Duck and Matsutake soup [Photo by Fan Zhen/chinadaily.com.cn]
Yu Restaurant at Ritz-Carlton Bejing [Photo by Fan Zhen/chinadaily.com.cn]
There are some dishes that capture the heart with a first taste, when titillated taste buds trigger off a sentimentality for that instantly warm fuzzy feeling.
That's what happened with a very special dish at the Yu restaurant at the Ritz-Carlton Beijing. With one taste, I felt at home.
It was not the décor that won our hearts, although the restaurant is set in an airy, bright space filled with the warmth of wood. It is calming and refreshing, but when you start eating, it all fades into the wallpaper.
In the presence of a surprisingly well-made duck and Matsutake soup, tunnel vision sets in.
Everything else in the room might as well be invisible as the world narrows down to a gleam of clear duck broth topped with thinly sliced Matsutake. It may look rustic, but the sophistication is all in the details.
Even before the first sip, the sweet and woody fragrance of Matsutake tantalizes, signaling comfort and indulgence. The first spoonful confirms the glorious interplay of the fresh mushrooms, wolfberries and duck — all expertly seasoned and with their original flavors intact.
It is a Cantonese classic that I have been admiring for years not only for its thrift and skill, but also for the delicious outcome.
This boullion is the perfect, if delicate, answer to beating the last hot spells in early autumn, which the Chinese appropriately name qiu laohu, or autumn tigers.
Its rich flavors make you stop to savor every mouthful, look up, and out the window, where yellows and green sparkle outside the restaurant's French windows.
It is autumn again, the harvest season, and also the time when wild geese migrate from north to south—and I cannot help thinking of my hometown in the southern China.
In my younger days, my mother always cooked soups when the autumn came.
"You need to take in more nourishing fluid to clean the heat toxins out of your body and save nutrition for the winter," she used to nag. Like any impatient child, I would turn a deaf ear and quickly slurped up the broth. They tasted just as good as the one in front of me now, many years and many kilometers away from home.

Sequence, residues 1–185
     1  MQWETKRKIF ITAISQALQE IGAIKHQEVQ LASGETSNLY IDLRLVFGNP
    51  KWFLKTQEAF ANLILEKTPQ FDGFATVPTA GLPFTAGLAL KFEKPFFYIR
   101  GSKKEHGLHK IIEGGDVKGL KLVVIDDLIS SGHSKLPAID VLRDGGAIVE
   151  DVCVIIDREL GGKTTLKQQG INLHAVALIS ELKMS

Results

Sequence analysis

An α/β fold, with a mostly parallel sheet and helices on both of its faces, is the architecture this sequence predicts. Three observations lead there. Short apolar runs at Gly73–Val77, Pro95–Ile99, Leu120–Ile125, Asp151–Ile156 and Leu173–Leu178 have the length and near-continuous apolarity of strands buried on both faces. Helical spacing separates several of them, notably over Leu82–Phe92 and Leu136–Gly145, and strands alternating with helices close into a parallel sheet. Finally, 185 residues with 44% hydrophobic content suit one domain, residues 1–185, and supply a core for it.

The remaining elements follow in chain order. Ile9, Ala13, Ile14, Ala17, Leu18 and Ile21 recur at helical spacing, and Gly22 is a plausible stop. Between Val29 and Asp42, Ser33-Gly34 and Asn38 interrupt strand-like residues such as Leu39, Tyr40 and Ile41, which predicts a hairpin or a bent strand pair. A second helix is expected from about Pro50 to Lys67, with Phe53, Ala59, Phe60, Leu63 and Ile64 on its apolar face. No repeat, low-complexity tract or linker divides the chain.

It had never occurred to me that a little bowl of soup would have taken my mother so much effort to make until I talked to Ku Chi Fai, the executive Chinese chef of Yu Restaurant.
"It took six hours to double-boil the duck," the chef says. "Otherwise the aroma and the nutrition would not completely seep into the broth. Add the Matsutake in the last hour and the wolfberries in the last 15 minutes."
"To keep the soup clear, you have to let it trickle down down the rim of the bowl instead of pouring it over the duck. Otherwise, it gets greasy because of the heat of the liquid," Ku continues, generously sharing his kitchen secrets.
"If you want to test somebody’s love for you, let them cook you a bowl of soup. A really good soup requires not only patience but also attention to both the ingredients and the one for whom you are cooking. If somebody loves you, he or she will try to cater to your every need."
The same attention to detail is there in the tantalizing pan-fried spotted grouper with truffle sauce and the stir-fried Wagyu beef with fresh boletes.
Although the restaurant is a bit pricey for a casual meeting, it is worthwhile sharing a meal here with loved ones, or a family reunion on a mid-autumn day. It definitely has the feel and taste of home.
Pan-fried Spotted Grouper with Truffle sauce [Photo by Fan Zhen/chinadaily.com.cn]
Stir-fried Wagyu beef with fresh Boletes[Photo by Fan Zhen/chinadaily.com.cn]